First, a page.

Advertisement

How to support the Tk’emlups te Secwépemc First Nation after B.C. residential school finding

Click to play video: 'Tk’emlúps te Secwépemc asking for space following discovery of remains' Tk’emlúps te Secwépemc asking for space following discovery of remains
Tk'emlúps te Secwépemc Chief Rosanne Casimir says the initial report about the ground-penetrating radar team's findings on the site will be ready in a few weeks. She also corrected one misconception, saying what was found is not a 'mass grave'. Paul Johnson reports – Jun 4, 2021

The chief of the Tk’emlups te Secwépemc First Nation says the community is still grieving after the discovery of what are believed to be the remains of 215 children at the former residential school in Kamloops, B.C.

Chief Rosanne Casimir says the nation has been “constantly, collectively grappling with the heart-wrenching truth brought to light” and has received an outpouring of support as they seek answers and honour lost loved ones.

The nation has been inundated with offers of help and Casimir offered suggestions on how best to show support for the Tk’emlups te Secwépemc.

Click to play video: 'Chief demands apology from Catholic Church over Canada’s residential schools' Chief demands apology from Catholic Church over Canada’s residential schools
Chief demands apology from Catholic Church over Canada’s residential schools – Jun 4, 2021

Read more: ‘No road map’ for grieving, healing work after B.C. residential school finding: chief

Story continues below advertisement

The community has asked everyone to be respectful of Tk̓emlups te Secwépemc cultural protocols and the community’s role as the primary caretaker of lost loved ones.

“We are the home community of the lost loved ones and we are doing so with absolute love, honour, and respect. We have and will continue to reach out to communities and nations whose members attended the Kamloops Indian Residential School to determine some of those next steps.”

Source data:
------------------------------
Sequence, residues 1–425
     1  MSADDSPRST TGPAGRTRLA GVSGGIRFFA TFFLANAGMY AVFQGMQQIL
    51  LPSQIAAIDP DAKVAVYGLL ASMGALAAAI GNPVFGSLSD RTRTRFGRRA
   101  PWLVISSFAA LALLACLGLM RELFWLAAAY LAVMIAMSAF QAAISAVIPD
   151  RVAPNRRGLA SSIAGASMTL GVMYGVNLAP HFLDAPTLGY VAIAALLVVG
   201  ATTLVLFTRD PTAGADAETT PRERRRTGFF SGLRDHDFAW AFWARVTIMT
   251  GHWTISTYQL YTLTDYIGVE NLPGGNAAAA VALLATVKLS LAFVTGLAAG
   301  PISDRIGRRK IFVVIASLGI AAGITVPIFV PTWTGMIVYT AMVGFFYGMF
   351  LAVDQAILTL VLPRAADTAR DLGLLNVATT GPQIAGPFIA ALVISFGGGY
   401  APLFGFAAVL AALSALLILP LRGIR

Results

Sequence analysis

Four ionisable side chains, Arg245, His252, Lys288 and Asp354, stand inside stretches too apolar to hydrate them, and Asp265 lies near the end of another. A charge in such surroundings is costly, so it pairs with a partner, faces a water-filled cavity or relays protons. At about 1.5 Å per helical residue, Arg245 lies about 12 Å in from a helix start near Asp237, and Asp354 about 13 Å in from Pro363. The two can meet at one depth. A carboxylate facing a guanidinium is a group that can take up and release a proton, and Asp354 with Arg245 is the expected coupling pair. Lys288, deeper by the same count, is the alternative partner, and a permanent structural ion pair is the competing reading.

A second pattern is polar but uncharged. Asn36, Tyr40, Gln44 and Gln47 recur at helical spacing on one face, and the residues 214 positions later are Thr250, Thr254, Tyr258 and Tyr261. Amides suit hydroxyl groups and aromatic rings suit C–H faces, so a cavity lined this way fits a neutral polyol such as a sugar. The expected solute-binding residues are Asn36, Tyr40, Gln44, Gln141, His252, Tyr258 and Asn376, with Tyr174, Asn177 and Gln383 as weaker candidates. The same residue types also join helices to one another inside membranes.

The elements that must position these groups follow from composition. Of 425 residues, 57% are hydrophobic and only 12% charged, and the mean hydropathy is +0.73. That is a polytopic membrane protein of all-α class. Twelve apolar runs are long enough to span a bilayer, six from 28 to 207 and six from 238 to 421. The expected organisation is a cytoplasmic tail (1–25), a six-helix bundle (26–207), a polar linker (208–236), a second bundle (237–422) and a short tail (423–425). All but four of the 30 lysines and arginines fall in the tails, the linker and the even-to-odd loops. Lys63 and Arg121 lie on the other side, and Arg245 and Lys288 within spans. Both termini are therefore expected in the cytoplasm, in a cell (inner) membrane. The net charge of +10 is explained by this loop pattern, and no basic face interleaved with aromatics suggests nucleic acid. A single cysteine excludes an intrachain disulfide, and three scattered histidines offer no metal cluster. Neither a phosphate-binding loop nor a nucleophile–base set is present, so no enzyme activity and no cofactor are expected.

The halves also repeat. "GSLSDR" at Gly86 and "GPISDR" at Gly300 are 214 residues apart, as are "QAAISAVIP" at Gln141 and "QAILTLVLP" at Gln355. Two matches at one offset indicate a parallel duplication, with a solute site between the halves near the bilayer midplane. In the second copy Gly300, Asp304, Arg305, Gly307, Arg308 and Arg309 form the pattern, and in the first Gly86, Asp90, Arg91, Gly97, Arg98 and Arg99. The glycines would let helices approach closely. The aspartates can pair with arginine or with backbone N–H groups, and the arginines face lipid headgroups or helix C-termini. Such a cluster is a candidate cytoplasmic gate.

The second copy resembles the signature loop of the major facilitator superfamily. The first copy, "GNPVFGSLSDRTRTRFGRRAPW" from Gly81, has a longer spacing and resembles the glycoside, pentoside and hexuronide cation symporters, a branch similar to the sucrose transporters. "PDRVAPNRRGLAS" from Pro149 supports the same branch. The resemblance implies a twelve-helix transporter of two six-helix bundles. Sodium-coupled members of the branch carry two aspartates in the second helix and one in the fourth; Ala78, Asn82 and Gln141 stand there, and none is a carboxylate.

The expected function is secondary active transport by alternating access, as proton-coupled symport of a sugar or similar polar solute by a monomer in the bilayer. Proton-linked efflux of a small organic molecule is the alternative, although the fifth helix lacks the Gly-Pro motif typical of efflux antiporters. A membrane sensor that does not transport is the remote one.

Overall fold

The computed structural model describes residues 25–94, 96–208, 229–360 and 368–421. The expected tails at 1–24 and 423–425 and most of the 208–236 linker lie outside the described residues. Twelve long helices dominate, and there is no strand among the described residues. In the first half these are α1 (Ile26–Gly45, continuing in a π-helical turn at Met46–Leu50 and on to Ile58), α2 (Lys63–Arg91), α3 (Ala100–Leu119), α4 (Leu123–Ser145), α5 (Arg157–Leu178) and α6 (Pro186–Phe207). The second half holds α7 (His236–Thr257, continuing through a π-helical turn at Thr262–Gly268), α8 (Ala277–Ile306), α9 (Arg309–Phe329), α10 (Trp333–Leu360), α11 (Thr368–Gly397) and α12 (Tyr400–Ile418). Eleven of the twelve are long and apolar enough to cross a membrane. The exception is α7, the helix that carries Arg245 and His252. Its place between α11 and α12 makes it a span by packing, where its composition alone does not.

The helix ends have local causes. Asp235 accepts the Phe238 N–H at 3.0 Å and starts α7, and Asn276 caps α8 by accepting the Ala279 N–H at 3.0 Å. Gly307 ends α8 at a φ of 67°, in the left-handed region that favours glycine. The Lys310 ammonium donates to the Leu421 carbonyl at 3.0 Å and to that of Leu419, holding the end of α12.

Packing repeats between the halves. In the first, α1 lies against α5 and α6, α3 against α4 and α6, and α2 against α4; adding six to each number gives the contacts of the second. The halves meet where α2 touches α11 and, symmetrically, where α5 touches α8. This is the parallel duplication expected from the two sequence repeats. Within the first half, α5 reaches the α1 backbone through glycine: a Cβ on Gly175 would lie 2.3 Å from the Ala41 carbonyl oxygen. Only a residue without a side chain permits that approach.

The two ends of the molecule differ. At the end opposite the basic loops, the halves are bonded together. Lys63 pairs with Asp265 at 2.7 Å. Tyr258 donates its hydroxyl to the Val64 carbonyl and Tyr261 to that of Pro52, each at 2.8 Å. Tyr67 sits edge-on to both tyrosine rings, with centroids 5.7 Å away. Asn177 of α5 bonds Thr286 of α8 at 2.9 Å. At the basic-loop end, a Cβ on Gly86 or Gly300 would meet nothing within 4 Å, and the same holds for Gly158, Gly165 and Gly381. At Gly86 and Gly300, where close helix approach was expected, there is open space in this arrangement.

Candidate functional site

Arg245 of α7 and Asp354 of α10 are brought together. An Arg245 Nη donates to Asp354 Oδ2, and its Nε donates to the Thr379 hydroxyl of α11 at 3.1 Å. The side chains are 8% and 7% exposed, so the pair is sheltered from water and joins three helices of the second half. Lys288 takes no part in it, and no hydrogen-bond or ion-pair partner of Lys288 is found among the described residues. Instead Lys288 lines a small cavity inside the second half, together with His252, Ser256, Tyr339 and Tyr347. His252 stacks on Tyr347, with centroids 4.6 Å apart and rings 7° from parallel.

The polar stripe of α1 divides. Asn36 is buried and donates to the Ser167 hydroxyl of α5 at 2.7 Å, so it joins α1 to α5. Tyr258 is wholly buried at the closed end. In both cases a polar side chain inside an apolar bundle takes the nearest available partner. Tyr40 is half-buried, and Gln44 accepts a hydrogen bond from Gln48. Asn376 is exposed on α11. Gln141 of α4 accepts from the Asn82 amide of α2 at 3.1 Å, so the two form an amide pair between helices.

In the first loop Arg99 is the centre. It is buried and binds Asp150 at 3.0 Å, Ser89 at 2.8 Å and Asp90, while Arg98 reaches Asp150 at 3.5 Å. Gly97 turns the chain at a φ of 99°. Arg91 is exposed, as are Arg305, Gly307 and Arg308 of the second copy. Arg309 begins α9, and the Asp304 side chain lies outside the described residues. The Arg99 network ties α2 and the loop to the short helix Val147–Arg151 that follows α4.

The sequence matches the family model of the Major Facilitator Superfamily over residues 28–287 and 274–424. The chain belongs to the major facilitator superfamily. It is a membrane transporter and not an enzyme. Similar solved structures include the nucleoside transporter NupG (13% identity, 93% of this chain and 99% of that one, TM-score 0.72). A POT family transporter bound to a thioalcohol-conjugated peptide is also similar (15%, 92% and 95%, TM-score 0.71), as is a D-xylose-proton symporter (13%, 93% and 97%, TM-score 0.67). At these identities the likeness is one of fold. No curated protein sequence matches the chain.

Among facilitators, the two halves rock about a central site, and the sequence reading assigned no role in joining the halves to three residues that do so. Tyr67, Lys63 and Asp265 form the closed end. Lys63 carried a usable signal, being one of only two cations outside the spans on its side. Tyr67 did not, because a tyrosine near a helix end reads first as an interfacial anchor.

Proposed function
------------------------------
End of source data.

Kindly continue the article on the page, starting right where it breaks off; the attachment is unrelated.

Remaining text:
They also asked that the community adhere to protocols for ceremonies and gatherings within the Tk̓emlups te Secwépemc community. In addition, COVID-19 safety protocols should be honoured to prevent “a tragedy upon a tragedy.”

Click to play video: 'West End resident creates memorial for the 215 children buried at residential school' West End resident creates memorial for the 215 children buried at residential school
West End resident creates memorial for the 215 children buried at residential school – Jun 3, 2021

Read more: Small red dresses line B.C. highway in tribute to children found in burial site

They recommend learning more about the history of residential schools by reading the Truth and Reconciliation Commission report on Canada’s residential school system. Casimir highlighted Vol. 4 of the report, which focuses on missing children and unmarked burials, as well as the report’s calls to action.

Story continues below advertisement

She also encouraged people to wear an orange shirt and “start conversations about why we’re doing that.”

Casimir offered advice for non-Indigenous people, saying “now is not the time to ask questions but to simply offer a kind ear to your Indigenous friends.”

“This situation has opened a wound for so many. Please also take the time to learn about intergenerational trauma and its effects.”

Click to play video: 'Push to address intergenerational trauma caused by Canada’s residential schools' Push to address intergenerational trauma caused by Canada’s residential schools
Push to address intergenerational trauma caused by Canada’s residential schools – Jun 3, 2021

Read more: ‘I blamed my mother’: How residential school trauma passed down generation to generation

A memorial has been set up outside the site of the former Kamloops Indian Residential School where people can pay their respects while adhering to COVID-19 safety protocols.

Casimir said the nation has received queries about donations. Funds received will be put towards further investigations and memorializing the children, she said. Those interested in donating can email donations@kib.ca.

Story continues below advertisement

Anyone experiencing pain or distress as a result of their residential school experience can access this 24-hour, toll-free and confidential National Indian Residential School Crisis Line at 1-866-925-4419.

— With files from The Canadian Press

Sponsored content